Mar 12, 2009

Home of the Marlboro Man bans smoking in restaurants


In what surely must be a sign that the time has come for Michigan to enact a workplace smoking ban that includes bars and restaurants, Virginia became the 35th state to ban smoking in bars and restaurants when Gov. Timothy Kaine signed the bill into law on Monday.

Banning indoor smoking in Virginia is almost like banning gambling in Nevada. Virginia has grown tobacco for 400 years, and the home of the Marlboro man – before he died of lung cancer – is the home of the largest cigarette factory in the world.

The bill is far from perfect because it bans smoking in restaurants unless they have an enclosed smoking room with independent air ventilation. The bill was a compromise between health advocates who wanted an unconditional restaurant smoking ban and conservatives who hold the mistaken belief that this is a choice issue and that restaurant owners should be allowed to decide whether it is in their business interests to ban smoking. But it’s far better than what we have in Michigan. This favors restaurants that have more money to install the equipment.

The so-called “free market” people ignore the new studies that are constantly being released that show the deadly and harmful effects of secondhand smoke.

This is a public health issue, not a free market issue.

It’s time for Michigan to do the right thing and pass the workplace smoking ban.

3 comments:

loungedaddy said...

Smoking bans are indeed a progressive idea. National Socialists in Germany thought that smoking should be banned too. We need to criminalise more non-violent behaviours.

By the way, though. I do like your blog -- whether or not I agree with it. And Gingrich has taken a "left turn." Much of the GOP seems to have done that.

Communications guru said...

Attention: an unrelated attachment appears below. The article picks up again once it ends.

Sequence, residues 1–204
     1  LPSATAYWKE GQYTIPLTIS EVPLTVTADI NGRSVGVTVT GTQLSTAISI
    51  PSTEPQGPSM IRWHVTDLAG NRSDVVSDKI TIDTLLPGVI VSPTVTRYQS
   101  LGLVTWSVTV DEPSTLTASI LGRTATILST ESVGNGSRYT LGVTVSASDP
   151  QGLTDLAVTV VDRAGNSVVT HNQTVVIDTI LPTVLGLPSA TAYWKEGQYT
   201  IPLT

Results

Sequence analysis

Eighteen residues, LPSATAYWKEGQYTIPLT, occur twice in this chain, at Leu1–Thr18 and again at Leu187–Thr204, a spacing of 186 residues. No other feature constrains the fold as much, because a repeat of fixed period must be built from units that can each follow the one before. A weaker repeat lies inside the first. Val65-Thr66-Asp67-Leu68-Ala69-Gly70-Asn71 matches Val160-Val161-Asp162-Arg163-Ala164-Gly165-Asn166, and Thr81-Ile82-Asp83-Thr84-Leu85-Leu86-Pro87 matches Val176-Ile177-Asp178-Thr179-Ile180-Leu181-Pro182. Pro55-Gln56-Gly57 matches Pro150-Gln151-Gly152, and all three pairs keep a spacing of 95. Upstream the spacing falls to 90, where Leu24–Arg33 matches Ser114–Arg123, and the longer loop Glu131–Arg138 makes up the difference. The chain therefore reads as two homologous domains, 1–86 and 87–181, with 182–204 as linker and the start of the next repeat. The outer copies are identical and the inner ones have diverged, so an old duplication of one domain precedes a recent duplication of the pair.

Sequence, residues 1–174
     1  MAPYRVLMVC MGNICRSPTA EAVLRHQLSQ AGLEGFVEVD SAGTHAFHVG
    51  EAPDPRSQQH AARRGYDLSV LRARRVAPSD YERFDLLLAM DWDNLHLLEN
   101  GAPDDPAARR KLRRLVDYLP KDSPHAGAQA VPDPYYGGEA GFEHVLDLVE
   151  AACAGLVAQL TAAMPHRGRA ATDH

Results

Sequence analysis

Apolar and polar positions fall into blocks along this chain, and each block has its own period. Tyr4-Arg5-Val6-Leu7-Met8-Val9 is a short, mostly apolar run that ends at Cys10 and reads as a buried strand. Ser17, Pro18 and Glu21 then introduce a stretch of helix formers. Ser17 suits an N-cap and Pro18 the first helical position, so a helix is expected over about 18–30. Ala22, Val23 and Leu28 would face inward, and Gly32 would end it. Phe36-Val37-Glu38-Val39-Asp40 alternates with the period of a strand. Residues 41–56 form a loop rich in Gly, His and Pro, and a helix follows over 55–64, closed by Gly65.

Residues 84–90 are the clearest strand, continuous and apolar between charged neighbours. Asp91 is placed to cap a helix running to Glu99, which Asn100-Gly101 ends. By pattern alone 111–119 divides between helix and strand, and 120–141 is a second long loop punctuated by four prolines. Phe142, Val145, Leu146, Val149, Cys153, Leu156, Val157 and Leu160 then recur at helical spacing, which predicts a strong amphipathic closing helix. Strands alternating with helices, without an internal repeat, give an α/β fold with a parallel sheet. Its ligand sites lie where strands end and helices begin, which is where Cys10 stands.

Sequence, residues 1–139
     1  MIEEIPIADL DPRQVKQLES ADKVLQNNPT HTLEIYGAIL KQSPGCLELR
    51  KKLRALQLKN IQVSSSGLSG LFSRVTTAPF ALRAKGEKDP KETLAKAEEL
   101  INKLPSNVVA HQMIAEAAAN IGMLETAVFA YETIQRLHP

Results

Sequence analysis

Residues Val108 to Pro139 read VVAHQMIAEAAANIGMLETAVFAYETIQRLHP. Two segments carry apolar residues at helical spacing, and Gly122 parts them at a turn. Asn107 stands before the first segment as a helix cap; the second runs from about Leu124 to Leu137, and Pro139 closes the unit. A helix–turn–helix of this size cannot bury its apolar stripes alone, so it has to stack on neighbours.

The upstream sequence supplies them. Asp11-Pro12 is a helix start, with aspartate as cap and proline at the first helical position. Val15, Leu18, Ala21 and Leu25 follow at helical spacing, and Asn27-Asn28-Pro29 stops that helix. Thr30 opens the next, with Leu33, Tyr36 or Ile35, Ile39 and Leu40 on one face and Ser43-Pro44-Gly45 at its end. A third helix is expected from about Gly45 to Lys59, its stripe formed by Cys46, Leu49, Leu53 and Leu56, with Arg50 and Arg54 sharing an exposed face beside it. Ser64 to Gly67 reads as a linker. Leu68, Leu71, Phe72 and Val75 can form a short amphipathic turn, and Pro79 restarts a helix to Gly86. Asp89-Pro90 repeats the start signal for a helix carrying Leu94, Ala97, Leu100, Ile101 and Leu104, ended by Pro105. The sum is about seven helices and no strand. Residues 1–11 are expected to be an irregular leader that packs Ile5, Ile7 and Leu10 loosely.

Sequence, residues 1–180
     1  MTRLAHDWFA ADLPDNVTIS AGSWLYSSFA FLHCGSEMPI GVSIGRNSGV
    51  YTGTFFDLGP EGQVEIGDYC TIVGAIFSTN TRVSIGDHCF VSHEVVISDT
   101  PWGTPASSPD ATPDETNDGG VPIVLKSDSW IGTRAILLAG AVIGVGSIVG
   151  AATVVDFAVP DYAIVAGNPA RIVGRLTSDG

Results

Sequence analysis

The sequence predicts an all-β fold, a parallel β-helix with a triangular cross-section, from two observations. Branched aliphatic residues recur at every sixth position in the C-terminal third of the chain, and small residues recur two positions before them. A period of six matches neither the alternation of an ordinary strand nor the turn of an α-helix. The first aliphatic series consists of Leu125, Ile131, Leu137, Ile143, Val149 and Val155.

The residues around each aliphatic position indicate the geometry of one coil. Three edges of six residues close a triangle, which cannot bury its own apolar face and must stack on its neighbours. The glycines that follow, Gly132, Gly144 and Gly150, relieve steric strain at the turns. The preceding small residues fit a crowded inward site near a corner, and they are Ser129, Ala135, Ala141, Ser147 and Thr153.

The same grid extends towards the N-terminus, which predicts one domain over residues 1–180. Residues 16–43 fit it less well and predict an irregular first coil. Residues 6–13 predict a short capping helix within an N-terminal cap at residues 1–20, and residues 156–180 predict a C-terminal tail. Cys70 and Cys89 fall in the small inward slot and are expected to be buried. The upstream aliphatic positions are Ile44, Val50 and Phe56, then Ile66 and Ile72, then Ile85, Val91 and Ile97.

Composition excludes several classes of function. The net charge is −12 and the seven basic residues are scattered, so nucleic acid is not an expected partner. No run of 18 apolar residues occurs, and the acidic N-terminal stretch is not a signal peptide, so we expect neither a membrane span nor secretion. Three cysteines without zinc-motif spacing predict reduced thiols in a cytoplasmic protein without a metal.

Thank you for the compliment. Too often the back and forth can get ugly, so I appreciate that. I don’t see this left turn by much of the GOP, but if it did it would be a good thing.

It’s too bad you brought up that ridiculous Nazi comparison. Smoking bans are nonpartisan, especially this one. Plus, this is not a smoking ban; it’s a workplace smoking ban. You can smoke all you want, but you just can’t pollute the lungs of the 80 percent of us who are non-smokers.

Hitler was a rightwing dictator; if he wanted a smoking ban he could easily have enacted one. Second, this is not about banning smoking. No one is trying to outlaw smoking. If you want to pollute your lungs, fine. I support doing everything possible to discourage smoking and providing all the help you need to quit, but I don’t want to outlaw a legal behavior.

Plus, Hitler’s aversion to smoking was firsthand smoke, and the smoking ban is about secondhand smoke. It’s kind of funny that they knew the harmful effects of smoking in the ‘30s, but it wasn’t until the ‘60s we saw the Surgeon General’s warning on cigarette pack in the U.S. Strange. We have known about the dangers of secondhand smoke for 20 years, and there are actually still people out there who do not believe the science. We are still learning more about the dangers of secondhand smoke.

Healthy said...

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